Recently we discussed the security of RiskTree with a client, who ran through the NCSC Cloud Security Principles. Since RiskTree is delivered as software-as-a-service, this made sense. One point that arose was the lack of Multi-Factor Authentication (MFA) in use: CSP Principle 10 states that 2FA is ‘considered good practice’, using either a hardware or software token or out of band challenge.

We subsequently implemented MFA, using the Time-based One-time Password Algorithm. This allows users to enter a code (either manually, or by scanning a QR code) into an app on their mobile ‘phone, such as Google Authenticator, Microsoft Authenticator, or LastPass Authenticator. We haven’t mandated its use, preferring to let our users decide whether they need it. We’re allowing our users to make the decision about their data, because it isn’t ours to make. To help inform their decision, we used RiskTree to analyse the risks of client data being stolen from RiskTree, and put the information onto the site as a demo (https://risktree.2t-security.co.uk/demo). Consequently, some users have enabled it, and some haven’t.

The key question though, and the reason for this blog post, is “what are we actually protecting?”. RiskTree stores no risk data from any of our clients – all of the data are handled locally in the browser. For the risk calculations, just a node reference and the six assessment values are transferred to the servers for transferred to the servers for processing into the risk assessment, and creation of the data charts and visualizations, making the most of the power of cloud processing for the intensive number-crunching part of the work. The only data that we hold about our users is their name, e-mail address, and organization, and we don’t show the latter two, even if a user is logged in. There is no ability for the user to change any of these, so the risk of data tampering has been removed. The only thing than can be achieved by stealing credentials is that the attacker can use RiskTree without paying.

This leads us to conclude that for RiskTree, MFA is overkill. We’ve designed our SaaS to avoid holding any data – to an extent it’s almost like a lambda, in that a user throws some data at it and it returns some results. Whilst the principle of applying MFA to SaaS is sound, it isn’t important if there isn’t anything to protect. Having security principles is a great idea, but following them slavishly isn’t. When performing a risk assessment, always keep the context in mind, and be prepared to have exceptions.

Introducing RiskFlow™

A RiskFlow diagram, created using RiskTree

We’ve added a new data visualization tool to RiskTree. It’s a Sankey diagram for risk, showing how your risks change as you introduce countermeasures. The example above shows a typical diagram, with risks moving from intrinsic on the left, to residual in the middle, to target on the right. Residual risks are risks that have been mitigated to some extent, through the application of countermeasures. Target risks show the effect of future countermeasures – this could be a ‘what if’ scenario, or could be taken from a project plan showing that they will be introduced at a future date.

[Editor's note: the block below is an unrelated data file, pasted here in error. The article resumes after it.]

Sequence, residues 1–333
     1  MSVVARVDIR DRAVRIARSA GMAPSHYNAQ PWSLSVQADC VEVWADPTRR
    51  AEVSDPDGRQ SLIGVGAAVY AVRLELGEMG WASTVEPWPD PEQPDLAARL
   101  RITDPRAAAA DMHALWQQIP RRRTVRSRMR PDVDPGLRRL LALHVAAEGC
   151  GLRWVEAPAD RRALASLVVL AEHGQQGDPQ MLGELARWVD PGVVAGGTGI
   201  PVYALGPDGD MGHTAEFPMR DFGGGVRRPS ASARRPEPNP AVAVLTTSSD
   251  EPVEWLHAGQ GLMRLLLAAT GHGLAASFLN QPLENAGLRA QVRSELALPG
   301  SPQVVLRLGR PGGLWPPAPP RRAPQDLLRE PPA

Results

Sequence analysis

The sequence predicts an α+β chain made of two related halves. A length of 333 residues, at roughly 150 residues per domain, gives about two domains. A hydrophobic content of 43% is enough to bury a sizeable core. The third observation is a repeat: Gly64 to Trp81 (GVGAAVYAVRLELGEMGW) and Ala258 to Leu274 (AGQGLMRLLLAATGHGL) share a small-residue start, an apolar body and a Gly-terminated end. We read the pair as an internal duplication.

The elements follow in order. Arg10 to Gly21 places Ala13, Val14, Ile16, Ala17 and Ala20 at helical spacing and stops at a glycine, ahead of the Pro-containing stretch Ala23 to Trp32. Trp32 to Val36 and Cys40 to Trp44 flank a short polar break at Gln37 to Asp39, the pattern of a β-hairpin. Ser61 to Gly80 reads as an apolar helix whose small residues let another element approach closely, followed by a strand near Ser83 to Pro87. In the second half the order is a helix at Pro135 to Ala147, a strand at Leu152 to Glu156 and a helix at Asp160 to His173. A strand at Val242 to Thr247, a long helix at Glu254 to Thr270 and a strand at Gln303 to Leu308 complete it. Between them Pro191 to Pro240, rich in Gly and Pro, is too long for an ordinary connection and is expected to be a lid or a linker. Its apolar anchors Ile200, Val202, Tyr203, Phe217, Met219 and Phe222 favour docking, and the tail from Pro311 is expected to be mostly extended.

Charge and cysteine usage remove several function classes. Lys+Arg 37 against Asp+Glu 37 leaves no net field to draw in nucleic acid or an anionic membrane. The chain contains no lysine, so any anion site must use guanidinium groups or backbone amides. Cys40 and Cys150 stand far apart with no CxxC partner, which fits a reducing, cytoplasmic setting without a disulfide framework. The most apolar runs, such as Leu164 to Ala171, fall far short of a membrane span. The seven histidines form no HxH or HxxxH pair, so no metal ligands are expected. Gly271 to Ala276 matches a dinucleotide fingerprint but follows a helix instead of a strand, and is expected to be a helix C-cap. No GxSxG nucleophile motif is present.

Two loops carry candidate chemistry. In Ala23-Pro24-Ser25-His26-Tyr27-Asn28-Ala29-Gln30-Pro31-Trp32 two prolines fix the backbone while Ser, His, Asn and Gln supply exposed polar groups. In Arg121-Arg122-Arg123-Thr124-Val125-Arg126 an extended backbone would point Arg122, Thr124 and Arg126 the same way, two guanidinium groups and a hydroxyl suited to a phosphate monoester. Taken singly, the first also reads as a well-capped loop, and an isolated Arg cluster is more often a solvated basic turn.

The thickness of the arrows reflects the number of risks moving between each block. So, of the eight intrinsic risks at Very High , when their residual status is assessed, three remain at this level, one becomes High , three become Medium-High , and one becomes Medium .

The diagram is interactive. As you move your mouse over the blocks and the arrows, a pop-up box lists the risks. These are all linked back to the main risk table in RiskTree, so you can drill into the data in the same way you can with all of our other charts.

The RiskTree Processor tabs, showing the location of RiskFlow

As with all of our other upgrades, RiskFlow will work for reports that have been previously created. Just reload the report file and you should see the new tab in the Risk Charts section.

Reaction to RiskFlow from our testers has been uniformly positive. We hope that you’ll feel the same way when you get to see it.

RiskTree update

We’ve just updated RiskTree ready for 2020. The changes include:

  • You can now view charts showing how you’ve used tags in your RiskTree and reports.
  • The search functionality uses tabs to display its results (much clearer!) and is now available in the RiskTree Processor, as well as the Designer.
  • The risk labels on the RiskSpider and RiskGraph data visualizations can now be wrapped to two lines (no more truncated risk names!).
  • Improvements to the CSV file downloads.
  • A number of other minor tweaks and improvements.

Hello!

Welcome to the 2T Security blog. We’ve created this so that we can write about security and risk topics that interest us, and that might be of interest to the community. We’ll also be writing about our RiskTree process for risk management, especially where this doesn’t fit in with the standard help pages.

We’re looking forward to the conversation!